Edited 3 times, last by Redtail ().

  • I disagree. I think the combination of hardware with VR hands is an excellent idea. When I fly IRL, I'm not looking at the yoke or rudder pedals (same in VR), but I am indeed looking at the gear and flap levers, radios, autopilot, etc. prior to manipulating them. That's exactly how I use the VR hands when I'm under the hood (HMD) of my rift. While at the same time enjoying the tactile feedback I get from using a physical yoke/stick, throttle and pedals.

    I think you're a lucky guy who found the way to use those VR hands.

    I abbandoned the idea using the hands, since I prefer to use my control hardware, and haven't figured out how to combine such hands with the hardware without interference, apart from the fact that I don't really see myself with my hands in the air for more than 10 minutes.

    Could you provide a picture or something similar to show your setup?.

    Cheers, Ed

  • I disagree. I think the combination of hardware with VR hands is an excellent idea. When I fly IRL, I'm not looking at the yoke or rudder pedals (same in VR), but I am indeed looking at the gear and flap levers, radios, autopilot, etc. prior to manipulating them. That's exactly how I use the VR hands when I'm under the hood (HMD) of my rift. While at the same time enjoying the tactile feedback I get from using a physical yoke/stick, throttle and pedals.

    How do you switch controllers then...? Or do you keep one hand on the hardware yoke and the touch control in the other? How can you reach buttons that are low (and hence ‘underneath’ the desk) when you are using that yoke and pedals? I am curious how you are coming the two.

  • I think I'm being misunderstood. What I'm saying is..... I am still experimenting with the idea of using both (hardware & VR hands). So far, I like the concept of flying with the yoke in my left hand while manipulating switches, flaps, gear, etc with a VR hand (right hand). Just like I am in my profile picture, which is me flying a C172SP. I AM getting interference with my current setup, so I'm not really all that lucky...yet. That is why I'm thinking that a third rift sensor, strategically placed, may give better results.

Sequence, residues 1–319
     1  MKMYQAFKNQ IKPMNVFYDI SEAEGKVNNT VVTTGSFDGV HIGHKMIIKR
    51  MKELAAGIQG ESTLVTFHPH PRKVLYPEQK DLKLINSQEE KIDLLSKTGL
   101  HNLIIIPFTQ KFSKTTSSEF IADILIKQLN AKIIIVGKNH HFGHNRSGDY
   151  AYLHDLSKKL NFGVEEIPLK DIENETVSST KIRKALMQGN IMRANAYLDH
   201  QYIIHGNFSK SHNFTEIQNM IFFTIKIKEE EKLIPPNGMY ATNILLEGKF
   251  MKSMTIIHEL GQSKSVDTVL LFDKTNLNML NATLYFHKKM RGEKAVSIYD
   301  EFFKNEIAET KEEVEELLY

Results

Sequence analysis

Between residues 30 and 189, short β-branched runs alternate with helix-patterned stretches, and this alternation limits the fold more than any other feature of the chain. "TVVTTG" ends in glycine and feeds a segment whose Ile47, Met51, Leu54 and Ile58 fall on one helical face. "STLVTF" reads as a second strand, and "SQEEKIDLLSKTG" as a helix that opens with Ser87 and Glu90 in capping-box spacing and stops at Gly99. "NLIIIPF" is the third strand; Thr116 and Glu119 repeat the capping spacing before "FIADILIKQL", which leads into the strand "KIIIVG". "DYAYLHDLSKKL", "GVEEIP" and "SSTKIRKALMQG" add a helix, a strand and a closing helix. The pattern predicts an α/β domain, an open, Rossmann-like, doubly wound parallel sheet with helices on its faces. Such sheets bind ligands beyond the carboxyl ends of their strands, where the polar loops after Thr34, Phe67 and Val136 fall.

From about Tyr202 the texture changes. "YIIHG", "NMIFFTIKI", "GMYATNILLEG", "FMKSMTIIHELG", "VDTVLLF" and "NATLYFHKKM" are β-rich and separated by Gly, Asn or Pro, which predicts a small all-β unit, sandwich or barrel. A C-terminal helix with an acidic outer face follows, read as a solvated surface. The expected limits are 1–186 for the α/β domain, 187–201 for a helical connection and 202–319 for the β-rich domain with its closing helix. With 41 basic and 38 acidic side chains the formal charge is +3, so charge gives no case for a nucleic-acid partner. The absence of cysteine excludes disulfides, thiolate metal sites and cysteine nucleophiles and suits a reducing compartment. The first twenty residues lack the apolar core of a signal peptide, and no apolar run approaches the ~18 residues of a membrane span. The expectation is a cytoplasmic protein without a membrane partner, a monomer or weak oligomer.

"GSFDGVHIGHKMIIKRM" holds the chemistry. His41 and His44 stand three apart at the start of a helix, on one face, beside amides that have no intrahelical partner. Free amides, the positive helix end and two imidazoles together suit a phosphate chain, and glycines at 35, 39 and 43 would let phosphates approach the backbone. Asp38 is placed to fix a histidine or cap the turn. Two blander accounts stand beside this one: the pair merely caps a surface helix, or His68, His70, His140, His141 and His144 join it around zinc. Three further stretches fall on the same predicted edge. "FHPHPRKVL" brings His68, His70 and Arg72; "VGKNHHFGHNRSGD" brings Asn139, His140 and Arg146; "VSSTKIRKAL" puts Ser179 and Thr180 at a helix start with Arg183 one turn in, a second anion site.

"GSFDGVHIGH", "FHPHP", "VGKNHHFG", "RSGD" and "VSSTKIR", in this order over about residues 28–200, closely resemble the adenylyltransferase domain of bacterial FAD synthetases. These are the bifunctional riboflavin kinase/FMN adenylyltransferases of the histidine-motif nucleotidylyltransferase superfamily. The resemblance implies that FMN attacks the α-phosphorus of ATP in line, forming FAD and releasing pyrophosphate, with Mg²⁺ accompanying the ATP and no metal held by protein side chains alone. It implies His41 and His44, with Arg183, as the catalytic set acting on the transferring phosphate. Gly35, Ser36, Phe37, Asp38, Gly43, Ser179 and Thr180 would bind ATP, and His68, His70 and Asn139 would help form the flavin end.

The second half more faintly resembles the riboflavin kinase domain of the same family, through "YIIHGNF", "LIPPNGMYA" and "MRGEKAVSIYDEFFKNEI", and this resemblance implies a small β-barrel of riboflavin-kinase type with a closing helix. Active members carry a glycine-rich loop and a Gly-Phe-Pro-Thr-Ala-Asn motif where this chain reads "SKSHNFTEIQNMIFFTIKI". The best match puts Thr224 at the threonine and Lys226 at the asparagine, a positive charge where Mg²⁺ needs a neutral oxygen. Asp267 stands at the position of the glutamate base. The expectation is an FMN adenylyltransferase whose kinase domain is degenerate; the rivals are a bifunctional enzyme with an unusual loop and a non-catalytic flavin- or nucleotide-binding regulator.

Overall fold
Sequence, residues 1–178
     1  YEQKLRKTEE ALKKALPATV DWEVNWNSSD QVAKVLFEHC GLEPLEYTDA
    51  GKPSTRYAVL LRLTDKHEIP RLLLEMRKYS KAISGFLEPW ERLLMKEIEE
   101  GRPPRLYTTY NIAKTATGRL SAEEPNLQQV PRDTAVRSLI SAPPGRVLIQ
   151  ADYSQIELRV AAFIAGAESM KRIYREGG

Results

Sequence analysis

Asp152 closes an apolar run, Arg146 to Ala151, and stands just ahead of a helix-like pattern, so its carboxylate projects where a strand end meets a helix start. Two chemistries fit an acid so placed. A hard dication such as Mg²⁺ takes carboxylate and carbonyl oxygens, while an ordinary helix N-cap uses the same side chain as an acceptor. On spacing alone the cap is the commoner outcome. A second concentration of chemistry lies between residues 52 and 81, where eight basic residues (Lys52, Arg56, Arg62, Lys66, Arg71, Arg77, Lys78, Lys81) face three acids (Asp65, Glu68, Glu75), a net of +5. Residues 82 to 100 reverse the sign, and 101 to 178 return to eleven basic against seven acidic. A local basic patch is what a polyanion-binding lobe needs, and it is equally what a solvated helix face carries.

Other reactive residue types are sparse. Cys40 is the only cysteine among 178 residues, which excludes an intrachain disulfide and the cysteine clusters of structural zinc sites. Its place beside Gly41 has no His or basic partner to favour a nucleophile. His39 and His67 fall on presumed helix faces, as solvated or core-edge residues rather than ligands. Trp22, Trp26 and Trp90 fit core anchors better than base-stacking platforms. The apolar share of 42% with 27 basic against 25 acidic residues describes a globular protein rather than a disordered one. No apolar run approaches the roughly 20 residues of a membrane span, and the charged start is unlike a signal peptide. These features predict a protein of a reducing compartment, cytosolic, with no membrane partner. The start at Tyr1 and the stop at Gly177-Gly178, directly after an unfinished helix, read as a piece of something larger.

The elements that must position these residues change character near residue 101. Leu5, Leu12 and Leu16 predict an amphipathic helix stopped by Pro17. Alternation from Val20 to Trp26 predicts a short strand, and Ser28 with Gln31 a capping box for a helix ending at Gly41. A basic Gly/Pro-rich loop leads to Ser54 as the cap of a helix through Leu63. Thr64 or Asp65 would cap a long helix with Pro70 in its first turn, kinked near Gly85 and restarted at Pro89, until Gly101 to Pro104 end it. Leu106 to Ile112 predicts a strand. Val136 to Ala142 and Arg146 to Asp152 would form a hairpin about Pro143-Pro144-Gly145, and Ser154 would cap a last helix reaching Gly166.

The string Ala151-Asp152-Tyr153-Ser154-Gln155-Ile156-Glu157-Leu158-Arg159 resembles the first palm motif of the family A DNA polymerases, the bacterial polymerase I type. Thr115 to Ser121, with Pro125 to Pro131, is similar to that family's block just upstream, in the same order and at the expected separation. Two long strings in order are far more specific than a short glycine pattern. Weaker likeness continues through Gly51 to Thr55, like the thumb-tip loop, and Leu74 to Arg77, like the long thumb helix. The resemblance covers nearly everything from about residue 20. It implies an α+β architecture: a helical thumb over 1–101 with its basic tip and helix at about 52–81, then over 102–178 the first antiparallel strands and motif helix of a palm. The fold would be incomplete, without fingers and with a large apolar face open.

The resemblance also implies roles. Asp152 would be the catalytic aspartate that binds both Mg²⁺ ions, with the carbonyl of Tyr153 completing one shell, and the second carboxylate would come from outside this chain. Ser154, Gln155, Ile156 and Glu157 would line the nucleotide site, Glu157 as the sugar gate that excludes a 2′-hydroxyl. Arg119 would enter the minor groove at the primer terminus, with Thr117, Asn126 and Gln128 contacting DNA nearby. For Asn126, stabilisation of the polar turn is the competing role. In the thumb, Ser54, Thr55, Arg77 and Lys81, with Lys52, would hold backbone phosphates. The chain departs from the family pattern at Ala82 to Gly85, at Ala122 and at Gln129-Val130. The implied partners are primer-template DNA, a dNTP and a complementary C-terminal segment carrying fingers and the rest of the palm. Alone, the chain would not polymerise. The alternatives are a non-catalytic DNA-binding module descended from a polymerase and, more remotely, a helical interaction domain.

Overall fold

Fatigue is not an issue in the way I utilize the controller (right hand), because when I'm flying I rest that hand on my lap (like real life) and only raise it to press buttons, flip switches, raise gear, flaps, etc. I use the wrist band to keep it from getting away from me. I find the VR hand to 'feel' much more natural and lifelike than playing around with the mouse to do those things. Maybe that's just me, I don't know. Of course the ultimate would be the ability to track your actual hand without needing to hold a VR controller! Perhaps we will have that feature one day.

    Redtail

    KFRG, KTEB, KEWR, KLGA

    ~Straighten up and fly right~


    DESKTOP: i7-7700k @5GHz (water cooled), Nvidia GTX 1080Ti FTW3, 32GB DDR4, 500GB SSD, Oculus Rift CV1, Windows 10 Home 64 bit,

    TM HOTAS Warthog (large spring removed), Saitek PRO Flight Combat Rudder Pedals, YOKO yoke!

    Laptop (gaming): Acer Predator Helios 500- Intel Core i7-8750H @4.1GHz, Nvidia GTX 1070, 32GB DDR4, 256GB SSD/1TB HDD.

    Gametrix JetSeat FSE (Flight Sim Edition)-USB Vibrating pad. Nextlevel V3 Motion Platform / Sim cockpit.

    Edited 2 times, last by Redtail ().

  • I'm also experimenting with Voice Attack and a profile made for AFS2, which greatly reduces the interaction with keyboard keys. Works great for accessing the menu, switching views, pause, etc. as well as operating various systems in the cockpit (autopilot, gear, flaps, lights, etc). I like using it in conjunction with the VR hands. However, when it comes to gear and flaps, I prefer the VR hand. Unless I'm simulating having a co-pilot. Voice Attack is great in that respect!


    Hard to reach switches/buttons (with VR hands) are easily controlled with Voice Attack. At least it's a temporary solution for now.


    Update: 5/7/18

    I moved my right sensor from my desktop over to a stand about a foot right of the desk and lower (roughly parallel with my leg). The result is a much better tracking of my right controller/VR hand and much more accuracy flipping switches, levers, etc. I'll play around with it some more when I have more time.


    Apologies for taking this so far from the original topic.

    Redtail

    KFRG, KTEB, KEWR, KLGA

    ~Straighten up and fly right~


    DESKTOP: i7-7700k @5GHz (water cooled), Nvidia GTX 1080Ti FTW3, 32GB DDR4, 500GB SSD, Oculus Rift CV1, Windows 10 Home 64 bit,

    TM HOTAS Warthog (large spring removed), Saitek PRO Flight Combat Rudder Pedals, YOKO yoke!

    Laptop (gaming): Acer Predator Helios 500- Intel Core i7-8750H @4.1GHz, Nvidia GTX 1070, 32GB DDR4, 256GB SSD/1TB HDD.

    Gametrix JetSeat FSE (Flight Sim Edition)-USB Vibrating pad. Nextlevel V3 Motion Platform / Sim cockpit.

    Edited 2 times, last by Redtail ().